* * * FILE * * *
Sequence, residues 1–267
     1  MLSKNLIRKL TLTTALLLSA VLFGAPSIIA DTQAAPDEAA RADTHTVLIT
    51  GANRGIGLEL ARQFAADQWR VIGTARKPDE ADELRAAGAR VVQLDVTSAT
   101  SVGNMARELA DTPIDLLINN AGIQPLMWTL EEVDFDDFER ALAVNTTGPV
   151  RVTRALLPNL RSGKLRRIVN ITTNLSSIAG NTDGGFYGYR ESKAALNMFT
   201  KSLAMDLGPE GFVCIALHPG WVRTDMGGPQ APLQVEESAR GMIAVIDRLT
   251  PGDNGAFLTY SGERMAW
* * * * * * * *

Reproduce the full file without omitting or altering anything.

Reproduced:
Sequence, residues 1–267
     1  MLSKNLIRKL TLTTALLLSA VLFGAPSIIA DTQAAPDEAA RADTHTVLIT
    51  GANRGIGLEL ARQFAADQWR VIGTARKPDE ADELRAAGAR VVQLDVTSAT
   101  SVGNMARELA DTPIDLLINN AGIQPLMWTL EEVDFDDFER ALAVNTTGPV
   151  RVTRALLPNL RSGKLRRIVN ITTNLSSIAG NTDGGFYGYR ESKAALNMFT
   201  KSLAMDLGPE GFVCIALHPG WVRTDMGGPQ APLQVEESAR GMIAVIDRLT
   251  PGDNGAFLTY SGERMAW